The San Jose Sharks are ready to host the third-best team in the Eastern Conference Sat., March 8. The question is whether the Montreal Canadiens are ready for their fourth game through the Pacific Division.
Potential fatigue is just one of the five pictured story lines for this game. None of them are as significant as the way the teams are trending, their health or where the game is being played.
Regarding the latter, San Jose is the best home team over the last two seasons and 23-4-4 in the 2013-14 NHL season. Montreal has a shootout win over the Anaheim Ducks sandwiched between regulation losses to the Phoenix Coyotes and Los Angeles Kings in the previous three games through the Pacific Division.
The Sharks are 16-6-3 against the Eastern Conference and 3-1-1 since the 2013-14 NHL season resumed after the break for the 2014 Sochi Winter Olympics. They are as healthy as they have been all season, missing only Brad Stuart and Tomas Hertl. It has resulted in a spike in scoring—18 goals in those five games.
Montreal is without gold-medalist Carey Price, Brandon Prust, Michael Bournival and San Jose product Josh Gorges. Travis Moen and Douglas Murray will make a return to the Shark Tank, though the story line of returning players will not affect the outcome of this game.
Overall, the Canadiens are still a respectable 17-13-2 on the road and an acceptable 13-11-1 against the generally superior Western Conference. Playing road games against the top four teams in the Pacific Division has a way of deflating teams from the Eastern Time Zone. They are still 3-2-1 post-Sochi Olympics, and both teams had just started winning a couple games before the break.
Montreal is not going to catch the Boston Bruins for first place in the Atlantic Division and is solidly in the picture for the 2014 Stanley Cup playoffs, three games ahead of the first non-qualifying team. However, the arch-rival Toronto Maple Leafs are just a game back for home-ice advantage in their likely first-round matchup.
The Sharks are a little more locked in. They are only slightly more likely than their guests to catch the first place team in their Pacific Division and need only finish above .500 the rest of the way to prevent getting caught for third. Their fight is for home-ice advantage against Central Division teams for a potential Western Conference finals.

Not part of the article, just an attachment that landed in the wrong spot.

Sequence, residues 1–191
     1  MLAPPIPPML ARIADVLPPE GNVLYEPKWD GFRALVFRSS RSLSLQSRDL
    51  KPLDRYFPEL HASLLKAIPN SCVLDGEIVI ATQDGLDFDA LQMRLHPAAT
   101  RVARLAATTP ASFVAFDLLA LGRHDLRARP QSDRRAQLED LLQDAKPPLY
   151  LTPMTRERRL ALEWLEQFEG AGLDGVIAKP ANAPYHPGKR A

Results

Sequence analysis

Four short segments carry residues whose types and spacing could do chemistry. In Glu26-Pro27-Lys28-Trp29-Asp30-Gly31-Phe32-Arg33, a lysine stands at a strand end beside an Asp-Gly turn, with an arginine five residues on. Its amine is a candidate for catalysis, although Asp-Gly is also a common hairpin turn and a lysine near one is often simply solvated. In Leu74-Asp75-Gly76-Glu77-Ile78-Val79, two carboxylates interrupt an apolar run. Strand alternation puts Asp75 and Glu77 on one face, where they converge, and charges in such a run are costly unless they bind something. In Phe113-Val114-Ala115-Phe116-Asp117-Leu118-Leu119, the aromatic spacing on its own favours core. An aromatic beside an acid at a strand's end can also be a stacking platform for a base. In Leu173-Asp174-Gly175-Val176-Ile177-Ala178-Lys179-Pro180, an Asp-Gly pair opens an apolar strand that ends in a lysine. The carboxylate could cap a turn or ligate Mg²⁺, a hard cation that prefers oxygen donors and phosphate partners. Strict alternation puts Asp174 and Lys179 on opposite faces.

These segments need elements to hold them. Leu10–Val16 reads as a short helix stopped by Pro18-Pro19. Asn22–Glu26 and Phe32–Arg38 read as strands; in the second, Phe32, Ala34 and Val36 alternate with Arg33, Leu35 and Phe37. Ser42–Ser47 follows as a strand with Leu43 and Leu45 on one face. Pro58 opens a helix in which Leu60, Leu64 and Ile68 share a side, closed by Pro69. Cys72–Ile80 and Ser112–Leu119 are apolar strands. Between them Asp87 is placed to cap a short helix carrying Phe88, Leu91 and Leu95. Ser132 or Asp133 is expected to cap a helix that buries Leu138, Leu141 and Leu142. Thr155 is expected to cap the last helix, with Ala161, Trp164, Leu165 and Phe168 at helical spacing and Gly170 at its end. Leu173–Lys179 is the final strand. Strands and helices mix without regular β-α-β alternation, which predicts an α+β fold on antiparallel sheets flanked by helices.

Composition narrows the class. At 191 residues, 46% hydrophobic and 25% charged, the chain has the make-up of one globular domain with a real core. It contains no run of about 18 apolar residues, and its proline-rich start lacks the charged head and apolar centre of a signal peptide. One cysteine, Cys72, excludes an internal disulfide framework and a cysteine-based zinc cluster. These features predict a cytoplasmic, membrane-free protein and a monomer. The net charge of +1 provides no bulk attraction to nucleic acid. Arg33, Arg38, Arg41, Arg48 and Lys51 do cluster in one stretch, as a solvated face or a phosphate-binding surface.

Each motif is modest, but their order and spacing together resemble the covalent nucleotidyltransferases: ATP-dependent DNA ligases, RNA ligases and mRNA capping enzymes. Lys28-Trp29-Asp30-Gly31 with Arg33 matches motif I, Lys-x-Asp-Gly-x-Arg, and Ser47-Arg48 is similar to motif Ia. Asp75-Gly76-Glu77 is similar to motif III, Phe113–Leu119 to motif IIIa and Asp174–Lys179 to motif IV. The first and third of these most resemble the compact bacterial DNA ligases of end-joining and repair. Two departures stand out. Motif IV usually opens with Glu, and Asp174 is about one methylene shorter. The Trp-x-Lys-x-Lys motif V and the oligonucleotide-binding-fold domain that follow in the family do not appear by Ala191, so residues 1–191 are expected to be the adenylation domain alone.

The St. Louis Blues, Colorado Avalanche and Chicago Blackhawks all have better point percentages than San Jose, but the latter two are only half a game ahead. That should be enough motivation to beat a tired team that is nevertheless good enough to ensure its host's focus.
The matchup in net is the most important story line to determine the outcome of this game.
The San Jose Sharks are expected to put Antti Niemi back in net Saturday. He has struggled in his last nine games, with a 2.61 goals-against average and .889 save percentage. Alex Stalock has had only one start with a lower save percentage than that all season, and has only given up more than two goals three times in 19 games and 15 starts.
Niemi is running out of chances to show he is the best goalie on the roster before the 2014 Stanley Cup playoffs. The Montreal Canadiens are also having problems with their starting goalie because Carey Price is hurt. They also have a good backup in Peter Budaj—an easier obstacle for the bolstered San Jose scoring but certainly no sieve.
The San Jose Sharks are a possession team, making faceoffs, giveaways and takeaways key story lines for any of their games. They rank better than the Montreal Canadiens in two of the three categories, and will need to win this battle to win the game.
San Jose is one of the best teams in the NHL in the faceoff circle and in takeaways, but one of the worst in giveaways. Montreal is no better than below average in any of the three, and that will make it hard for the guests to get the scoring chances their hosts do.
The Montreal Canadiens have better percentages on both the power play and penalty kill, but they also commit more penalties. Moreover, the San Jose Sharks are getting better in both areas with the return of more healthy players, getting a whopping 17 shots on four nonetheless scoreless man-advantage opportunities Thursday.
If the Canadiens are going to win this game, they have to stay out of the box enough to out-score the Sharks on special teams.
The Montreal Canadiens are not a very big team up front, and the San Jose Sharks are. That is going to be a story line on both sides of the ice, both in front of the net and near the blue line.
The Canadiens rely heavily on a couple skilled offensive blue-liners that might find it more difficult to shoot past the sizable, shot-blocking San Jose forwards. On the other end of the ice, the defensemen will find it harder to claim real estate in front of the net for screens and rebounds.
If Montreal's blue line can handle the bigger forwards of the Sharks and its forwards can attack open ice to keep from exposing their lack of size, a road win is in reach.
The San Jose Sharks are rested, with all but four players off during the break for the Sochi Olympics, fresh legs from injured players and several capable depth forwards not even playing every day. The Montreal Canadiens have played one more game since that break and are at the end of the road trip.
"We were tired, and tired players make mistakes," coach Michel Therrien said after their loss at the Phoenix Coyotes Thursday. "Now we have to get ready for San Jose. We're in a playoff battle and we need to get some points."
That sounds like a team that has lost some confidence and blames a very real fatigue. The key story line of whether they have their legs for all three periods could prove to be the determinant for victory in a close game.